Controversial Snapchat stories increase conversations of racial injustice
On Tuesday, April 17, Kirby Student Center apologized for a Snapchat story that was posted on their geostory. Kirby made it aware that they had no part in posting the story and that they had no control over the post. A different story was also posted on the University’s geostory.
The Snapchat story posted on KSC’s geostory was a picture of a poster for Islam awareness week. The photo had a caption that said “What’s next … build a bomb workshop?” Another story was shared on the UMD geostory of a picture of a poster stating “Unapologetic, undocumented, united we dream unafraid” with the caption “Should we call US Immigration and customs enforcement.”
Student Association sent out an email to the student body explaining the geostory.
“To alleviate any confusion, these geostories are not managed by the University of Minnesota Duluth or Kirby Student Center and therefore, they don't have any elevated power to remove content,” the email said.
Jeni Eltink, director of Kirby Student Center, explained that students brought the snapchat to their attention.
“The only way to combat speech like this is with more speech,” Eltink said.
Lynne Williams, director of Marketing and Public Relations, said administration is glad there are conversations happening.
“As far as the administration and our response, it’s important for people to report these and we appreciate when they do,” Williams said. “That’s good. We need to continue doing that.”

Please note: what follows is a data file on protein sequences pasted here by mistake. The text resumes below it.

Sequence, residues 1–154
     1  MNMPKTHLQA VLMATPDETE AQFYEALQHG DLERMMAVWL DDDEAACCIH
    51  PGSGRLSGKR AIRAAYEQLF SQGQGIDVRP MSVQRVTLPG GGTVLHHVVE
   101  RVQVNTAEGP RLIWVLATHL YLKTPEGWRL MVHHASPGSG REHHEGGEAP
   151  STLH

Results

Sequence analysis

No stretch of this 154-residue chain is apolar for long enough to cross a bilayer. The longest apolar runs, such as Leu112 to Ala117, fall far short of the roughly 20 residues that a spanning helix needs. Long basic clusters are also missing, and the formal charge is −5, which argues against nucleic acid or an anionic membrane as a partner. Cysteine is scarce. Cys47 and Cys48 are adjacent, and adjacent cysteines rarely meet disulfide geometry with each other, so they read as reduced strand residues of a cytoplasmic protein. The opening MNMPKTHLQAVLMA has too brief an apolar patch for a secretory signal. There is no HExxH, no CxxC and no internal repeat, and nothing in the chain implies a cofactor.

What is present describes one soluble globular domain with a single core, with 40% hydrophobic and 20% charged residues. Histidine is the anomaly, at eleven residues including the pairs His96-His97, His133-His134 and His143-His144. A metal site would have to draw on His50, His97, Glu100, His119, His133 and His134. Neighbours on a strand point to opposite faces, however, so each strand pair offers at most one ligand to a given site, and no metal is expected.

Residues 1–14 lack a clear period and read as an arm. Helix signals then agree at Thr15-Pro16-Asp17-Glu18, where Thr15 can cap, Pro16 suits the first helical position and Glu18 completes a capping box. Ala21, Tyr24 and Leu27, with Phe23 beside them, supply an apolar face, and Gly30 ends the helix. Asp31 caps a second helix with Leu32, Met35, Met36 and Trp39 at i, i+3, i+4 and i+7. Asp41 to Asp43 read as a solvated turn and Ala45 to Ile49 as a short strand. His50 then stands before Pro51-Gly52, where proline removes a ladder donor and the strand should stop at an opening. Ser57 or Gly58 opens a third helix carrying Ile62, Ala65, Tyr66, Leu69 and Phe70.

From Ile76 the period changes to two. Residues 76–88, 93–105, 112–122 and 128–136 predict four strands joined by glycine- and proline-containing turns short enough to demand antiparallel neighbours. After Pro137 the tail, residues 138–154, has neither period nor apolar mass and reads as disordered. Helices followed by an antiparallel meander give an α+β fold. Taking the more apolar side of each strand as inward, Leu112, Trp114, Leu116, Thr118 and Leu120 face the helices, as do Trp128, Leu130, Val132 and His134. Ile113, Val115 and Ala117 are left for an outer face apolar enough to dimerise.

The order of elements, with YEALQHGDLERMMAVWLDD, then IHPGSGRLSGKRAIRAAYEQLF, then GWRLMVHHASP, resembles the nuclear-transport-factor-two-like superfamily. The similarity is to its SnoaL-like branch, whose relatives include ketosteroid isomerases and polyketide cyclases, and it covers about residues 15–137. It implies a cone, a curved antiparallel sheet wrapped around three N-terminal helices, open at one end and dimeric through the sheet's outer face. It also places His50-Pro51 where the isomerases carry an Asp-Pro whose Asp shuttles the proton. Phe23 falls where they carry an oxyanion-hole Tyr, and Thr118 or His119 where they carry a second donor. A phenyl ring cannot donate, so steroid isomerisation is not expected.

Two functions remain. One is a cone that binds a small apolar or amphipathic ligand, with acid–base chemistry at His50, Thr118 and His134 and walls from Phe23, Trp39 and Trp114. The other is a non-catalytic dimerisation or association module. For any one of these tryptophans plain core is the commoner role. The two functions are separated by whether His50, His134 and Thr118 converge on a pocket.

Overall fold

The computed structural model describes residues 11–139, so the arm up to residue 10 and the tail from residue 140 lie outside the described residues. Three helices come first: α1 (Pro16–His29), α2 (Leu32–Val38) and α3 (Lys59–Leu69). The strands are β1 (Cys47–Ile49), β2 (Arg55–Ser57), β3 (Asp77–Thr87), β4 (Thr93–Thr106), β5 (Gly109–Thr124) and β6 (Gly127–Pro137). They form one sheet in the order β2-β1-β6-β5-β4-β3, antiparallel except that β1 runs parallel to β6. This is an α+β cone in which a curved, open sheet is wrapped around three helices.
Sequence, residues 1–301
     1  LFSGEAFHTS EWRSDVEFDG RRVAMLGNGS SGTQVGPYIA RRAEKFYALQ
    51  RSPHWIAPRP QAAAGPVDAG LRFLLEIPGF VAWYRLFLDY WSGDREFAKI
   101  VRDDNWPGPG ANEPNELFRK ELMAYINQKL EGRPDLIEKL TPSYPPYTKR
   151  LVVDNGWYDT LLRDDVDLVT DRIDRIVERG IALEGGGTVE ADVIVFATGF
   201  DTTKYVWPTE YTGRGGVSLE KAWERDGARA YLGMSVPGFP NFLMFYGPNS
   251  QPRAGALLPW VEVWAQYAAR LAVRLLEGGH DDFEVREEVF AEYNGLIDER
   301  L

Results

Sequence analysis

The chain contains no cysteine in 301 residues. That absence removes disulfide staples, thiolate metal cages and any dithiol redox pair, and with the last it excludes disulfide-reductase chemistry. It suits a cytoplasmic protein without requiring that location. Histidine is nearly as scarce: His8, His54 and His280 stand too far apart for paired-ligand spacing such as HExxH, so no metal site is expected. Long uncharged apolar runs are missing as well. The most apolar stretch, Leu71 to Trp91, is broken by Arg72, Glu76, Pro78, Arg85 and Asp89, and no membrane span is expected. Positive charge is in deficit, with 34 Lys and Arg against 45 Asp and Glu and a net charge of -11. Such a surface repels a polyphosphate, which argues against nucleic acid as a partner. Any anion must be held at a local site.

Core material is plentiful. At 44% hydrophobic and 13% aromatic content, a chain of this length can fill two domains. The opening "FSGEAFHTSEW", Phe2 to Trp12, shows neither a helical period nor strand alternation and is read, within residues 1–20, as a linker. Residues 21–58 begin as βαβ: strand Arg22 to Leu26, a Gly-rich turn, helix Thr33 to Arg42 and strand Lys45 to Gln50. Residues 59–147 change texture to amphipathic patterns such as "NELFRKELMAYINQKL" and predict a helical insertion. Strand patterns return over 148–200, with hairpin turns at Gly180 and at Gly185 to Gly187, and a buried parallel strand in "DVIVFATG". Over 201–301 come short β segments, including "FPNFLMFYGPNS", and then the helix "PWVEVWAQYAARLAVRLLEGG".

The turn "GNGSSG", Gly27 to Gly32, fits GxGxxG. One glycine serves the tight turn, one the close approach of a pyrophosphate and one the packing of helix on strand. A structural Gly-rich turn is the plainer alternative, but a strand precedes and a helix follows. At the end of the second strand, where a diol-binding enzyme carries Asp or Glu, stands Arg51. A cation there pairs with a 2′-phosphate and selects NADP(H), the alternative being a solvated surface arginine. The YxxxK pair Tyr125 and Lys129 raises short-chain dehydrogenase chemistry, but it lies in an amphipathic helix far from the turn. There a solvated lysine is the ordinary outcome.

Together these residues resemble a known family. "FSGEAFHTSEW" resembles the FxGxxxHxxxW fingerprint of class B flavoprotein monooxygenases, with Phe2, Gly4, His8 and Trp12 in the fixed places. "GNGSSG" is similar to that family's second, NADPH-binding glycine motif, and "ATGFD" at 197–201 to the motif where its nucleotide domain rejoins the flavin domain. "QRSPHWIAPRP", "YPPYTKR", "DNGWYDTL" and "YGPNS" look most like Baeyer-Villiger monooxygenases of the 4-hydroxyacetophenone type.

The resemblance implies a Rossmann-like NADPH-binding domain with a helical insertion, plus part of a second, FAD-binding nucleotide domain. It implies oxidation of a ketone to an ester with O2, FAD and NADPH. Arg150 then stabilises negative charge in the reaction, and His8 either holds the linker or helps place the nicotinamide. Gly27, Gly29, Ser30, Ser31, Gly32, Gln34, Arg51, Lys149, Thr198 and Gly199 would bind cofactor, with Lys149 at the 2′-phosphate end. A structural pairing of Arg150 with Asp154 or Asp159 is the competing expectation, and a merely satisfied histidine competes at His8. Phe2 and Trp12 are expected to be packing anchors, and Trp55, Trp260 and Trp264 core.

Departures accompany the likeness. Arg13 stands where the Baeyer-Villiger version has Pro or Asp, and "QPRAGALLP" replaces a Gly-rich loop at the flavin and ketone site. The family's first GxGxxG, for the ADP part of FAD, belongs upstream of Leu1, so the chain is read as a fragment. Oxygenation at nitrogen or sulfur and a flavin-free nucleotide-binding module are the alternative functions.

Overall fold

Muslim Student Association is putting on Islam awareness week to answer questions about their religion and practices. MSA board member Ayah Abuserrieh believes that they are who they are and encourage students to come to their table to ask questions.
“I wasn’t too upset,” Abuserrieh said. “I understand the Muslim population within Duluth is very small so I understand that a lot of people don’t really know about what we believe in and what we stand for.”
Abuserrieh understands that that there will always be confusion.
“I was really understanding about it,” Abuserrieh said. “At that moment I just wanted to find more ways to try to spread Islam awareness without preaching anything and without trying to convert anybody.”
Maleehah Ali, president of MSA, knows that everyone comes from a different background.
“I can always face hate,” Ali said. “I just try to be the best person I can be.”
MSA feels thankful for the support they have gotten from campus officials.
“We’re not different,” Abuserrieh said. “We’re not different at all.”
A list of demands were announced at a Speak Out for Justice Rally in Kirby Student Center on April 20 for those who participate in racial injustice:
• Students caught being discriminatory against other students should be required to take cultural diversity courses.
• Freshman seminars should be mandatory and include a section that focuses on diversity and inclusivity.
• Require faculty to take diversity training.
• Require all students to take diversity and inclusivity studies.
• Ensure the university responds more quickly to issues of discrimination.
The university has not yet publicly addressed these demands. Conversations between speak out organizers and Chancellor Lendley Black have been scheduled following the speak out.